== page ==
“If the road goes ahead all the children that walk or cycle to school will have to go through a fly over or footbridge inhaling HGV fumes. Scientific evidence states that this causes lung damage, asthma and bronchitis, its horrendous.” – Stuart Bennett, Save Rimrose Valley

Dangers of fumes

In an article posted on trucknews.com, Karen Bowen, who is a professional health and nutrition consultant, states what the dangers of inhaling fumes can do to you: “Short-term exposure to diesel fumes, can temporarily irritate your eyes, skin or respiratory tract and/or cause dizziness, headache or nausea. However, longer-term exposure may lead to more serious health concerns, such as lung cancer, kidney damage, and increased risk of heart attack.”

In recent weeks, students around the UK and the world went on strike in a climate change protest, this determines there is a clear desire from the younger generations to better our environment for the future.

Why do you think the government would give the go ahead to schemes such as the dual carriageway?

“I can’t understand it. Perhaps its incompetence, laziness and no desire to change, take your pick really. Children understand that air pollution and green space are important issues, but these well paid people from Highways England just ignore them. They don’t seem to be able to grasp the fact that roads damage peoples health and destroy the environment  They should take an example from children.” – Stuart Bennett, Save Rimrose Valley 

Earlier this year, the UK government announced it’s ‘clean air’ strategy, which states that it “sets out our plans for dealing with all sources of air pollution, making our air healthier to breathe, protecting nature and boosting the economy.”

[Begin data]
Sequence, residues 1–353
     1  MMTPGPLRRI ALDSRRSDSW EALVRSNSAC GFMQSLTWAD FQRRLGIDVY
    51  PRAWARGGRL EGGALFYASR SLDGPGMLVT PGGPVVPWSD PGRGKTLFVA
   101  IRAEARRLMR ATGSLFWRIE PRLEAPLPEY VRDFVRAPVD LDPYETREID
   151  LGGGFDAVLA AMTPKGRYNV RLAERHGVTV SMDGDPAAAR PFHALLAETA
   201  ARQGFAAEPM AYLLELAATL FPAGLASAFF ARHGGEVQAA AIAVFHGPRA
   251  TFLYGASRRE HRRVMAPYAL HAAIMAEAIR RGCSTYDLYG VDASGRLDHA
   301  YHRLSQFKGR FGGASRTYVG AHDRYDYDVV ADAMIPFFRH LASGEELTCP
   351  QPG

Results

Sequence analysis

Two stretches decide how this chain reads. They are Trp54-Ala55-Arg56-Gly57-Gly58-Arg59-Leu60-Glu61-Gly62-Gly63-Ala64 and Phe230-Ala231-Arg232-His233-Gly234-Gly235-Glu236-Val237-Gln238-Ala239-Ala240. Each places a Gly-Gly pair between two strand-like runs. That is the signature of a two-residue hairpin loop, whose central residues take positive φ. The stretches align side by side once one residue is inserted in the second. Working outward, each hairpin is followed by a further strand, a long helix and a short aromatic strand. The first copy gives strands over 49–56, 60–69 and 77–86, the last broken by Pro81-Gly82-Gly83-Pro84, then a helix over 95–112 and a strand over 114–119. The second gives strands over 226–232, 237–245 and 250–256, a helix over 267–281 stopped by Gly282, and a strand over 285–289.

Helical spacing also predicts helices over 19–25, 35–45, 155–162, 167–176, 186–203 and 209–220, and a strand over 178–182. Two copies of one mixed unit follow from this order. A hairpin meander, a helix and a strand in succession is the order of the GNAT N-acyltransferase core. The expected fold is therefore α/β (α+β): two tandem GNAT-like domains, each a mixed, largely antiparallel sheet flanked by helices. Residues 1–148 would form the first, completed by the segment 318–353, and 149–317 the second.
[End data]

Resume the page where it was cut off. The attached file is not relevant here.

Save Rimrose Valley campaign group do have sympathy for Highways England, in the sense that they have been asked to build the road – but believes the people in charge of the organisation should tell the government just how damaging this scheme could be to public health and the environment and other possibilities need to be considered.

Commenting on the subject, Highways England have previously stated “after analysing the options of improving the existing road or building a tunnel, the study concluded that the cost would significantly outweigh the benefits.”

Stuart continues to state that campaigning will be a long process, but the group is prepared to see it out till the end. “We are in it for the long haul, as long as it takes we will be around. In the best case scenario, someone, somewhere will see the light and realise that they have made a big mistake, but if not it looks like we have minimum a couple of years of fighting ahead.”

Are you confident your campaign group can change the decision made?

“We would not be bothering with this if we didn’t think we could stop this. Our goal is to be the first campaign group to stop a national road building project, and I think we have a good chance.”

Save Rimrose Valley plan to continue to amount pressure on the transport department to reconsider the scheme again as well as connecting with national politicians, Mr Bennett said: “that’s the short term goal. In the mean time we will continue to host events and demonstrations encouraging people to reject the project and support our group.”

What both Save Rimrose Valley and Highways England do agree on is urging the public to attend the statutory consultation that Highways England are hosting, to voice their opinion and have their say on the dual carriageway. The date is yet to be confirmed.

Who knows what could happen with the fate of Rimrose Valley country park, for now, the dual carriageway is planned to go ahead, but Save Rimrose Valley will not back down without a fight.